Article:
Go Down

Topic: OLED affecting analogue reading (Read 385 times) previous topic - next topic


I am reading the adc value from a temperature circuit I made. This value (0-1024) is converted into degrees. This works perfectly fine when the OLED isn't powered. Here the values hardly change. When I plug the OLED in, it varies between 608 and 616. This isn't good enough as that means the temperature varies by about 4 degrees. Is there anything I can do about this other than splice a USB cable to get the power lines and power the OLED separately?


Last probably isn't helping. Probably the supply voltage really is varying a bit. What is that "temperature circuit" you made? Can it be adjusted to output 1V1 max instead of 5V? If so, you can use the internal reference.
Use fricking code tags!!!!
I want x => I would like x, I need help => I would like help, Need fast => Go and pay someone to do the job...

NEW Library to make fading leds a piece of cake


Circuit diagram attached. Its a LM355 based circuit. The voltage range when I plug the OLED in is around 40mv. This variation only occurs when the OLED is powered by the arduino (on both 3.3 and 5v rails). I have powered the display by an external power supply but that isn't available to me at home.

Last probably isn't helping.
What do you mean by this?

1V1 max
Also what does this mean?


1V1 is "shorthand" for 1,1V (or 1.1V for Americans). Just like you can write 4k7 for a 4,7kΩ = 4700Ω resistor.

The ADC is by default (on standard Arduino's) referenced at Vcc. If Vcc varies the ADC readings of a steady voltage will as well. When using a pot to Vcc as well this isn't a problem. Because the pot output (wiper) will vary the same amount (relative) as Vcc so it all compensates.

But you have a fixed (with fixed temperature) voltage. So or you need to keep Vcc steady (use a beter power supply or regulator, no idea what's powering the Arduino atm). Or switch the ADC to a more stable reference. And default Arduino's come with a 1V1 (aka 1,1V) reference which will not vary with Vcc (although isn't very precise aka you need to calibrate). But this means your input voltage may not be higher then 1V1 (anything more will just read full scale aka 1023). And because a LM335 is around the 3V mark at room temperature you need to scale that back.

You can use a voltage divider for that but in order to not load the circuit it has to be 1 or 2 order of magnitude higher impedance. I would go for the 100k range but the exact values depend on your desired temperature range. But this gives a bit of trouble with the ADC which expects <10k impedance. To compensate you can add a small (like 100nF) capacitor after the voltage divider.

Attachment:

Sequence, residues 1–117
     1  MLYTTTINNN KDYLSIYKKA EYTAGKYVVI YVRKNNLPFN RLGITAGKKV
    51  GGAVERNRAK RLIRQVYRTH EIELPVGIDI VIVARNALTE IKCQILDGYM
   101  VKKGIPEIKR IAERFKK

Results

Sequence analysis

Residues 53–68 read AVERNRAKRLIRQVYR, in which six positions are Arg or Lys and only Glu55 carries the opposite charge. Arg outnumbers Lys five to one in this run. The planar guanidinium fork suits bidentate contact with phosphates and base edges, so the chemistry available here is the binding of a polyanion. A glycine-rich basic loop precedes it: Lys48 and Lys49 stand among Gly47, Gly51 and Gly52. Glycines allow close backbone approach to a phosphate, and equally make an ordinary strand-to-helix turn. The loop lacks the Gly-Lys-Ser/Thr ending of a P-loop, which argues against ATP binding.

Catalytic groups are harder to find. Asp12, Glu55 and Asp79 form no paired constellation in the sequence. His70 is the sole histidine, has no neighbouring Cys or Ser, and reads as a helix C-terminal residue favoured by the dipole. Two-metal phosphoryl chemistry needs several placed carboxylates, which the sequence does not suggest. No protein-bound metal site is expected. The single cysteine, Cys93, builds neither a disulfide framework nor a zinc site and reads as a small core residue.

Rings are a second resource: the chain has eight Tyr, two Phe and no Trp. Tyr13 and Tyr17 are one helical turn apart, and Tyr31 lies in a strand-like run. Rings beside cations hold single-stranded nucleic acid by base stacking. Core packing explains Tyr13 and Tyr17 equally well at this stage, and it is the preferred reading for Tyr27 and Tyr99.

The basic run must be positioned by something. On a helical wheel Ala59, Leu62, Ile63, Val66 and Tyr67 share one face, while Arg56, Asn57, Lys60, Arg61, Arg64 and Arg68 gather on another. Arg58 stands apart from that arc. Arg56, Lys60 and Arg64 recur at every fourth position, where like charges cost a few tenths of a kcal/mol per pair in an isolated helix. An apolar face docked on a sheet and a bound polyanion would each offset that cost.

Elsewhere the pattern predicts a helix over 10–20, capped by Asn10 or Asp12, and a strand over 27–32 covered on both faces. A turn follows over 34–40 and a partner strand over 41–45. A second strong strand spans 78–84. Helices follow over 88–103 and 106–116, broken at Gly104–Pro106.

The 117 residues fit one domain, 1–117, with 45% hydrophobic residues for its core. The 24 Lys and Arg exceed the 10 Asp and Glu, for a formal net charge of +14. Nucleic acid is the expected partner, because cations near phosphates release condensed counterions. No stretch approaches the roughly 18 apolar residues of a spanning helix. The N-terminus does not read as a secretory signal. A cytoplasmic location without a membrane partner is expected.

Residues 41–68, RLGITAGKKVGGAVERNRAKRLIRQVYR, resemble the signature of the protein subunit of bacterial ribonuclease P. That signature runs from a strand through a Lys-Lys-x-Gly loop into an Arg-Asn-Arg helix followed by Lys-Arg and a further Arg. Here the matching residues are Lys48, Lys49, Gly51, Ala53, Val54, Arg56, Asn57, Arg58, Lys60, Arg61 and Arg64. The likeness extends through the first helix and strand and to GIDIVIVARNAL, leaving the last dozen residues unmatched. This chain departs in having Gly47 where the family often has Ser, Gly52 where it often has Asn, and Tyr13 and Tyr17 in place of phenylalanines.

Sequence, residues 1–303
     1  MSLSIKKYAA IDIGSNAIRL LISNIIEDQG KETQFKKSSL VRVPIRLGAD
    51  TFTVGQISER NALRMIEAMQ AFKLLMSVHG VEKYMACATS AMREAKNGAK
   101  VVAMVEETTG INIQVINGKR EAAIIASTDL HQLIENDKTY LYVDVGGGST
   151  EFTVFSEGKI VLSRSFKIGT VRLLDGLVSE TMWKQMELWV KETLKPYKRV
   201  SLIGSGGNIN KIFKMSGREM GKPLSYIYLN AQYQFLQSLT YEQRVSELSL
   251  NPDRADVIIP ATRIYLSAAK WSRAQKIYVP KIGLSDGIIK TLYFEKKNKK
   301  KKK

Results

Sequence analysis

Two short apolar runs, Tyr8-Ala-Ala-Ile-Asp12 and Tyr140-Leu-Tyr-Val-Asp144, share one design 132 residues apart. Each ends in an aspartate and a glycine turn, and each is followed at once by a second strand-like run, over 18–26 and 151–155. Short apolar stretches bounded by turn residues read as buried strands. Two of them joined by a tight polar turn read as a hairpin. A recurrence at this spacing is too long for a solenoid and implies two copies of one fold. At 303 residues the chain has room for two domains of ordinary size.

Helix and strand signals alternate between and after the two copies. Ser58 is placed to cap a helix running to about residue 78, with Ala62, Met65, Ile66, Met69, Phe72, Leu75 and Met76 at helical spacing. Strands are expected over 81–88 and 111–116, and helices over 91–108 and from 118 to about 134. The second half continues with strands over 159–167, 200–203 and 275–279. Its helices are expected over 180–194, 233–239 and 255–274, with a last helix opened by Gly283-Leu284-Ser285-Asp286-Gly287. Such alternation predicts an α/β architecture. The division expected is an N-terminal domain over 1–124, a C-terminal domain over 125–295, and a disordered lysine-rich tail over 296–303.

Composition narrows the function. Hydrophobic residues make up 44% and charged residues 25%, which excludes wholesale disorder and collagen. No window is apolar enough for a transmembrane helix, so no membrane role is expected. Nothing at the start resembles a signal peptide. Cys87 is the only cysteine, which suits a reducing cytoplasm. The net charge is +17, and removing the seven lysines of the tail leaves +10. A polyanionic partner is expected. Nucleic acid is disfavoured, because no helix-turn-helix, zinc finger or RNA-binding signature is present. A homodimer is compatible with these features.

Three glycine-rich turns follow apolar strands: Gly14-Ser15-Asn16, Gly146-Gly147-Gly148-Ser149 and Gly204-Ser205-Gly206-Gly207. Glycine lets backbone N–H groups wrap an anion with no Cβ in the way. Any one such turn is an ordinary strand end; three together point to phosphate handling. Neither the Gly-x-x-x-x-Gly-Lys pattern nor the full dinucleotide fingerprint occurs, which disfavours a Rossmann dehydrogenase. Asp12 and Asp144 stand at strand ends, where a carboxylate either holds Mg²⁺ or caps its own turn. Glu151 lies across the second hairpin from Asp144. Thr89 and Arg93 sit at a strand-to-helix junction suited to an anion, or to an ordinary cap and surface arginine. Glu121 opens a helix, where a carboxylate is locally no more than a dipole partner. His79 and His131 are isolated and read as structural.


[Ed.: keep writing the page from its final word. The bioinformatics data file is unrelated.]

Use fricking code tags!!!!
I want x => I would like x, I need help => I would like help, Need fast => Go and pay someone to do the job...

NEW Library to make fading leds a piece of cake


Since the LM335 output is about 3V at room temperature it would seem wise to use AVCC as reference.
You are probably using USB cable to power your project i.e. 5V

You can measure the actual AVCC voltage by using the internal voltage reference.    It will vary slightly from PC to PC.

It is very unlikely that the OLED will affect the AVCC voltage.
But at least you can measure it with the AVR.

Please draw your schematic.    Pencil on paper is fine.   Post a photo.
Please post the full sketch you are using.    Either paste to the message or attach as a file.



Jul 11, 2019, 03:28 pm Last Edit: Jul 11, 2019, 03:29 pm by MaxTheDog73 Reason: Forgot library link
Code: [Select]
int ReadTemp = 0;

#include "AXE133Y.h"
#define oledPin 7
AXE133Y OLED = AXE133Y(oledPin);

void setup() {
  pinMode(ReadTemp, INPUT);
int average = 1;
float temperatureavg1;
float temperatureavg2;
float temperatureavg3;
float temperatureavg4;
float temperatureavg5;
float temperatureavg;
void loop () {
  int rawadc = analogRead(ReadTemp);    //reads from the circuit
  float voltage = rawadc * 5;           // * supply voltage, divides by max reading
  voltage = voltage / 1024;

  float temperature = voltage * 100 - 273; //*100 gets it to kelvin, -273 gets to celsius

  if (average == 1) {         //Creates a time series average for the output. Reduces the effect of the OLED.
    temperatureavg1 = temperature;      //However this is probably not the most effiecient way of coding this - not sure how to make it better
  if (average == 2) {
    temperatureavg2 = temperature;
  if (average == 3) {
    temperatureavg3 = temperature;
  if (average == 4) {
    temperatureavg4 = temperature;
  if (average == 5) {
    temperatureavg5 = temperature;
  temperatureavg = (temperatureavg1 + temperatureavg2 + temperatureavg3 + temperatureavg4 + temperatureavg5) / 5;

  average++;            //Resets on 6
  if (average == 6) {
    average = 1;
  //Serial write
  Serial.print(voltage);    //voltage
  Serial.print("V ");
  Serial.print(rawadc);   //raw adc value
  Serial.print(temperature);     //temperature
  Serial.print(" degrees");
  Serial.print(temperatureavg);  //average temperature

  OLED.cursorHome(1);               //and the same to the OLED
  OLED.printFloat(voltage, 3, 2);
  OLED.print("V ");
  OLED.printFloat(rawadc, 4, 0);
  OLED.print("           ");
  OLED.printFloat(temperature, 3, 1);
  OLED.print(" degrees");
  //  OLED.print(temperatureavg, 3, 1);

That makes sense about the 1v1 thing. I have seen it before but only ever on zener diodes.
I couldn't get any code to work to read the avcc voltage.
I have implemented a time series average to steady the figure somewhat, but it isn't particularly effiecient, especially for using more values like 10 or 20. With the average and reducing the multiplier on the analogue in to 4.96 instead of 5 seems to work fairly well when the LCD is plugged in. However I would like to make the average use more values.

Image of the circuit is attached.

Go Up